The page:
If we presently see SpaceX’s Starlink satellites then not only Astronomers but also there are certain space agencies that are also having issues with it. As per the reports from CNET, China has been observed to have filed a complaint with the United Nations over two reported near-strikes between the ongoing Tiangong space station and Starlink automobile. The space station had to perform evasive maneuvers on the dates July 1st and October 21st this year to cut down the chance of a clash, said, Chinese officials.
The assertion lists astronomer Jonathan McDowell’s concurrent scrutiny for those two days. China also claims about the unpredictability of SpaceX’s starlink satellites. During the October brawl, the continuous navigation of Starlinkcraft or starlink satellites made it difficult to predict its orbital path of it.
If we talk about the Tiangong it literally means ‘heavenly palace’, which will counter the aging International Space Station (ISS) run by the space agencies of countries like the US, Canada, Russia, Japan, and Europe.
Whereas, SpaceX’s Starlink is a constellation of more than 1,700 satellites that focuses to provide internet facilities to most of the Earth.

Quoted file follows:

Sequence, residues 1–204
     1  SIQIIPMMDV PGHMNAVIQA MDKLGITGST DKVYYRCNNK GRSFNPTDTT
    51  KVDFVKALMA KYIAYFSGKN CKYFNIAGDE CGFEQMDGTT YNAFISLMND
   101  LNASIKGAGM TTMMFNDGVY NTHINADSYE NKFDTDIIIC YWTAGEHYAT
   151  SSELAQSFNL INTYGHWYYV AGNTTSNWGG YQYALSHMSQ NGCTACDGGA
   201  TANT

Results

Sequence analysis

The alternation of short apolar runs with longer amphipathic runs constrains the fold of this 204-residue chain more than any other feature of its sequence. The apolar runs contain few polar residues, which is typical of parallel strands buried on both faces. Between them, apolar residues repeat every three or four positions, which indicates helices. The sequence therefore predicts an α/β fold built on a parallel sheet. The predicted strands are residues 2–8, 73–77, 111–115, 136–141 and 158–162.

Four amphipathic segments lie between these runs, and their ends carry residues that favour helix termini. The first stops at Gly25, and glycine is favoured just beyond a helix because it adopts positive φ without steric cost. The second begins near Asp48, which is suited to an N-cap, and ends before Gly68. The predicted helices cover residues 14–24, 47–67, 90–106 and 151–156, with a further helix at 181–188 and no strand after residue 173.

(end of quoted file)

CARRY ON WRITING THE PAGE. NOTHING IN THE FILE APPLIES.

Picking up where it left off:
Moreover, China has already bid. In the complaint, China asked the UN Secretary-General to nudge the countries that the parties within the Outer Space Treaty are liable for incidents beyond Earth, albeit they involve private companies.
However, China is a country that has created its own share of incidents in the past. To remind of the incident of 2007anti-satellite missile test that created debris that caused menaces to the International Space Station and other spacecraft too epoch. This trammel between China and SpaceX is another cue of the hazardous situation of low-Earth orbit due to space debris and a massive number of satellites. Such complaints prove that privatization of space can make these near-accidents more commonplace — especially when these tech giants like SpaceX, Amazon are blasting off the internet gateways that rely on immense satellite constellations.